Another important thing about our way of being Christian that comes from blessed Richard is that it’s OK to be interested in science and how the universe works! In fact, it’s more than OK, it’s great! Richard lived in a time when science was really beginning to grow. Some religious people were afraid of science; they thought it might draw people away from God. But Richard said, God gave us our 

brains; how could God not want us to use them? All truth is in God, so all truth is precious and worth seeking. 

May blessed Richard encourage our wondering! Let’s say together: “I mean to be one too!” …

Here is blessed Francis of Assisi, our saint of Reconciling. There are many stories about Francis but my favorite is the one about the wolf. Who can help me tell it? [Tell wolf story together]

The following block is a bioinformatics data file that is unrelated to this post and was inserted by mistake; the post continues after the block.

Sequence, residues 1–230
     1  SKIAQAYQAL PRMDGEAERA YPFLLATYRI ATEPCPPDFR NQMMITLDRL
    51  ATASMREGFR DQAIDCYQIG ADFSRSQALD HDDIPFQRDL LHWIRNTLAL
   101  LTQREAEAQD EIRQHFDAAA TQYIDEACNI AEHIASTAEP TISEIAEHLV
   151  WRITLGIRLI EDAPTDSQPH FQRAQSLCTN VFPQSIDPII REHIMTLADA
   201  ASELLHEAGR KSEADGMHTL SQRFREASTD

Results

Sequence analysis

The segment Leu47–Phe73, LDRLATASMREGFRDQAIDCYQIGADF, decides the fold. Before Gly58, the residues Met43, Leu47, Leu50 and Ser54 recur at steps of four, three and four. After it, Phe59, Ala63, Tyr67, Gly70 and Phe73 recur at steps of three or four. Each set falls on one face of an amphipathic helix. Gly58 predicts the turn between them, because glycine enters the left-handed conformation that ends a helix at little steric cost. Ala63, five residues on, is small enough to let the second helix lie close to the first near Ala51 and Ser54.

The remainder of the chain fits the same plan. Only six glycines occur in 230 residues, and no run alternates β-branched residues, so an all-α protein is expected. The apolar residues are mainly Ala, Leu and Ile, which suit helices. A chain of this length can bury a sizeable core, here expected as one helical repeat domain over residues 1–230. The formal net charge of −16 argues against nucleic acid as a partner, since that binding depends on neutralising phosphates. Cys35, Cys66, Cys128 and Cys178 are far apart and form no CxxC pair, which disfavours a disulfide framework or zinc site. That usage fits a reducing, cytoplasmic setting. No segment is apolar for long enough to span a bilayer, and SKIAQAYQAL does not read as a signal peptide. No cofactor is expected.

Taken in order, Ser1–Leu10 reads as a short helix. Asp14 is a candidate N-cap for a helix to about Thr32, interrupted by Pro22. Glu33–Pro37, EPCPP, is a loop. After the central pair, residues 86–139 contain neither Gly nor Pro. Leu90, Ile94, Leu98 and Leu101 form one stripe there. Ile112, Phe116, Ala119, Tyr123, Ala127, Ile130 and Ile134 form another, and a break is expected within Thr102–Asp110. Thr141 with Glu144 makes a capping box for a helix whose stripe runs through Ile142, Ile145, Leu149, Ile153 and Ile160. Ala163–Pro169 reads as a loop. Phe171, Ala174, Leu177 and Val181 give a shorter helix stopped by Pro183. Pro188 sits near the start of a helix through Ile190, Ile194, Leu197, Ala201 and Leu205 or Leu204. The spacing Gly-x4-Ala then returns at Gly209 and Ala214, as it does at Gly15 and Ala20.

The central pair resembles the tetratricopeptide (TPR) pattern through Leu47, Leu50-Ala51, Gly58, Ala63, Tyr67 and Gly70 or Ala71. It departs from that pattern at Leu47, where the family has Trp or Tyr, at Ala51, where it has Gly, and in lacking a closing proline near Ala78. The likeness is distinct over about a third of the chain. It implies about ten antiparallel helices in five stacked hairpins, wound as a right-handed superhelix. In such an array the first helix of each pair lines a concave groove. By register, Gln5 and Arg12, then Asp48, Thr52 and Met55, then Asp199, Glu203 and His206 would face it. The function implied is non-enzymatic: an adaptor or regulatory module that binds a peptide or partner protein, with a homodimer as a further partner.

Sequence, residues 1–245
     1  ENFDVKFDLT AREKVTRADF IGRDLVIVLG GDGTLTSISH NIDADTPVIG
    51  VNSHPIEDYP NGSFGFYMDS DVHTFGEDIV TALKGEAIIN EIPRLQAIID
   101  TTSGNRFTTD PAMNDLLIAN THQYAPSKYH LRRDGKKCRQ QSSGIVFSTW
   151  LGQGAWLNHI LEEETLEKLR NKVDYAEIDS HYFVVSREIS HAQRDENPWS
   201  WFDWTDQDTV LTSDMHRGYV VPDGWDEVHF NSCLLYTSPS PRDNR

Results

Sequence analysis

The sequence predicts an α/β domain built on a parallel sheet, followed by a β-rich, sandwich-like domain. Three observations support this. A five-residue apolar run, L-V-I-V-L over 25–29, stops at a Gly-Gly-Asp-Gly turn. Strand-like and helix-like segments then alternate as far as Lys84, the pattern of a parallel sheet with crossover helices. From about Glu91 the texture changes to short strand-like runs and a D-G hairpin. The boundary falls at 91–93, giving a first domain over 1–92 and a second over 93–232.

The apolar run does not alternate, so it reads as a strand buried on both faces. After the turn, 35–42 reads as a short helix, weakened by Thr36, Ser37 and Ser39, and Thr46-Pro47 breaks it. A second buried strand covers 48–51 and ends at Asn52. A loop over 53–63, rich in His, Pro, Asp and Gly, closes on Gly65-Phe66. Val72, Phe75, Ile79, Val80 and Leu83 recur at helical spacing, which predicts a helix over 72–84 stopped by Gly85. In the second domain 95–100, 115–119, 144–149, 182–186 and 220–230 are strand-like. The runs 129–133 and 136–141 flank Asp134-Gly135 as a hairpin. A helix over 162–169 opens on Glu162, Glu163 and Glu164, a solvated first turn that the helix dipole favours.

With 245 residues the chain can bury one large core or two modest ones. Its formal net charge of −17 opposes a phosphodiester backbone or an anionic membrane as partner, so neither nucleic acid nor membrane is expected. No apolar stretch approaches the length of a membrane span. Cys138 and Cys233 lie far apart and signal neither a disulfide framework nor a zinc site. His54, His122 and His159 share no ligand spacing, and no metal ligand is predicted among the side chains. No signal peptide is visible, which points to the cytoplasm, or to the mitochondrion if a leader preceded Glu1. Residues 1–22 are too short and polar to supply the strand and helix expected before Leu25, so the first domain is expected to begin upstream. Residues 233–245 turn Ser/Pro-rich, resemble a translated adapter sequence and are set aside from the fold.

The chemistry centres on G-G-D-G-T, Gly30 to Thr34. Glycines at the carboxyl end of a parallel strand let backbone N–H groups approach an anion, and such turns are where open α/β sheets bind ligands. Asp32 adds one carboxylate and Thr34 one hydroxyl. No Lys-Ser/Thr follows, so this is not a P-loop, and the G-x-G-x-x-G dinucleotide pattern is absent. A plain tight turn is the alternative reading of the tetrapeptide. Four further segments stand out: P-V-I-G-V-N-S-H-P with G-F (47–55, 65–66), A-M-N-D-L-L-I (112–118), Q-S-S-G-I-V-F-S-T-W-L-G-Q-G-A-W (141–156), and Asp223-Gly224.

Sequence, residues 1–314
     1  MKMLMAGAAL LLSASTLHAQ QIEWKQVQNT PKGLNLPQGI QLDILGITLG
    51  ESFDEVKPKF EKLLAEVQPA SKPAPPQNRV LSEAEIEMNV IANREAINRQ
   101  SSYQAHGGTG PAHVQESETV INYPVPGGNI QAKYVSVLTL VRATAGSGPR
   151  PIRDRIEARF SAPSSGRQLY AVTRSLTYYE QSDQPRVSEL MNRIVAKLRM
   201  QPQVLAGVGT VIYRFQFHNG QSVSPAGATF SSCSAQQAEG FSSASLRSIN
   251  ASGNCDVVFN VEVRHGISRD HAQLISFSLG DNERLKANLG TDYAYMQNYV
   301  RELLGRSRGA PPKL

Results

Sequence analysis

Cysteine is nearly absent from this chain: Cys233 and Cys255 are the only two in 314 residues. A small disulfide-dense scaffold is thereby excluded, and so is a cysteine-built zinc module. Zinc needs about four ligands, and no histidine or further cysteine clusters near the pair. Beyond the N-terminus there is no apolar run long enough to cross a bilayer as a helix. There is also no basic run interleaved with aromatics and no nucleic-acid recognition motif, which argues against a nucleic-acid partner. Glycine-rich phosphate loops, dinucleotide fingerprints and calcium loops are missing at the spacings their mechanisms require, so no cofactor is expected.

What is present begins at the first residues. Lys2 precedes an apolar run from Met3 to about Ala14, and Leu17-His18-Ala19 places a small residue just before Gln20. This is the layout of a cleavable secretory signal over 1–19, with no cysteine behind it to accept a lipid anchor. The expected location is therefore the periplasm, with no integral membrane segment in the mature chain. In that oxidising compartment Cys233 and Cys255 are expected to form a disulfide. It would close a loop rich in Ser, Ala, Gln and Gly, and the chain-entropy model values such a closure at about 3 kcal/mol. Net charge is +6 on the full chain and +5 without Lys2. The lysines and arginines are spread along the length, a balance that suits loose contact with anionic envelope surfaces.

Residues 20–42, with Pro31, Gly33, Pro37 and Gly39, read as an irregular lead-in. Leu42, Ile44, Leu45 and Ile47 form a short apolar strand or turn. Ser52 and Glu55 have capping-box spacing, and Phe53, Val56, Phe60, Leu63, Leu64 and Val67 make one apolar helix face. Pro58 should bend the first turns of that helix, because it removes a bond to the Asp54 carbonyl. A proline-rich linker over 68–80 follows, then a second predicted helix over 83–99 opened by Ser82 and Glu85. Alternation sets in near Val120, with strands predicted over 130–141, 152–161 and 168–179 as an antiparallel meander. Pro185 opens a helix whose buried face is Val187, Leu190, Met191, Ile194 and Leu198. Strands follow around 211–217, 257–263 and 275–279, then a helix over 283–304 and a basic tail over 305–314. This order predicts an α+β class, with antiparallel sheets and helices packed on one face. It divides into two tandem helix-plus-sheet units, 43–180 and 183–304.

May blessed Francis help us live lives of reconciling love! Let’s say together: “I mean to be one too!” …

Here is blessed Harriet Tubman, our saint of Proclaiming. She was born around 1822. Who remembers Harriet’s nickname? … Moses! Moses lived a long, long time ago. His story is in the book of the Bible called Exodus. Moses’ people were enslaved in Egypt. The Egyptians made them work hard, and treated them cruelly. When he was a young man, Moses ran away; but then God told him, You have to go back, and lead your people to freedom. And he did! It was hard, and dangerous, but he did it.

Harriet was like Moses because she was born into slavery. Her people were enslaved here, in our country; they were made to work hard, and treated cruelly. As a young woman, she escaped to freedom. But she could not rest while her people were not free. She dedicated her life to helping other enslaved people escape to places where they could live free. Eventually she helped more than 300 people. It was hard, and dangerous, but she did it.

Her favorite hymn was “Swing low, sweet chariot,” a hymn about being carried away to a better life. Let’s sing: …. 

Swing low, sweet chariot, coming for to carry me home;